I would like to make this a living document, so if you have suggestions or ideas, I can always add them to the final paper, I left a ton of things out of the paper due to space constrains (8 pages). So send me an email or a tweet if you wish to add something,  or point out a typo, I'm sure it's full of those. @leonpalafox



Note: These slides and document are free for you to use, distribute and modify as you wish, if you want to give me a little credit, just point out to here or my webpage, and it would be more than enough


Monday, May 28, 2012

Reading List for the ICML 2012

The list of accepted papers for the ICML 2012 is out, and following some of my colleagues, I'll post the papers that at first hand cached my eye:

(Disclaimer: Since my research tends to be on nonparametric statistics, I tend to gravitate towards paper on those topics)                                      

Gaussian Process Regression Networks
Andrew Wilson, David Knowles, Zoubin Ghahramani

Abstract: We introduce a new regression framework, Gaussian process regression networks (GPRN), which combines the structural properties of Bayesian neural networks with the nonparametric flexibility of Gaussian processes. GPRN accommodates input (predictor) dependent signal and noise correlations between multiple output (response) variables, input dependent length-scales and amplitudes, and heavy-tailed predictive distributions. We derive both elliptical slice sampling and variational Bayes inference procedures for GPRN. We apply GPRN as a multiple output regression and multivariate volatility model, demonstrating substantially improved performance over eight popular multiple output (multi-task) Gaussian process models and three multivariate volatility models on real datasets, including a 1000 dimensional gene expression dataset.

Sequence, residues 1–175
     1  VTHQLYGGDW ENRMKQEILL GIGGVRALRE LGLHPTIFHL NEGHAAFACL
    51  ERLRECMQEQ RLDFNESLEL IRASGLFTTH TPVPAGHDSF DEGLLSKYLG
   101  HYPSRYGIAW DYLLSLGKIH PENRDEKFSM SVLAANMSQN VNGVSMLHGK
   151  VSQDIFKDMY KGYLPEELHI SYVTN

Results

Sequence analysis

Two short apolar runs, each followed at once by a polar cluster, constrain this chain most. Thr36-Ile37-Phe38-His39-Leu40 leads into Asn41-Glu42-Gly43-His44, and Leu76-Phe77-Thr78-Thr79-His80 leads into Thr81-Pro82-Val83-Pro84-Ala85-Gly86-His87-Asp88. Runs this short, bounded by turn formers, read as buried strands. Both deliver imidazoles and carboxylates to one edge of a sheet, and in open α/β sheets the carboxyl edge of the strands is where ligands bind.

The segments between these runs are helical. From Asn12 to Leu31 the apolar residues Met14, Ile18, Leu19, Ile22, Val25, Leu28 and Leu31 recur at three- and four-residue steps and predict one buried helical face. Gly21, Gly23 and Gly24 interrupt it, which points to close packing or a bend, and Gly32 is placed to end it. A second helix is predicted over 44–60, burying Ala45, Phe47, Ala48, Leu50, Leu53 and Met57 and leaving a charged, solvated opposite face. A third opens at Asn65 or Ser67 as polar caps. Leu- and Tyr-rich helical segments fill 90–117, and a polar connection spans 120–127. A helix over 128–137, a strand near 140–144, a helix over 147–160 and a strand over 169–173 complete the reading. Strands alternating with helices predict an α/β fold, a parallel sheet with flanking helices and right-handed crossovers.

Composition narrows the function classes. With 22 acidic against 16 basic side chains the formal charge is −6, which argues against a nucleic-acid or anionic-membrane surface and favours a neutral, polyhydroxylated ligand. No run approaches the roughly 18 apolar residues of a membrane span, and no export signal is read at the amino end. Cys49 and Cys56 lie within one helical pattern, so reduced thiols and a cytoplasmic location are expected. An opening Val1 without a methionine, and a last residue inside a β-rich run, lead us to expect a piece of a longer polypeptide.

Quick Opinion: Based on the abstract and a quick reading of the arxiv version, this sure looks like a nice variation for Gaussian Processes. And merging both Bayesian Neural Networks with GP seems both a good idea for specific problems like Gene Regulatory Networks Inference, given that some people have been using Recursive Neural Networks for such tasks.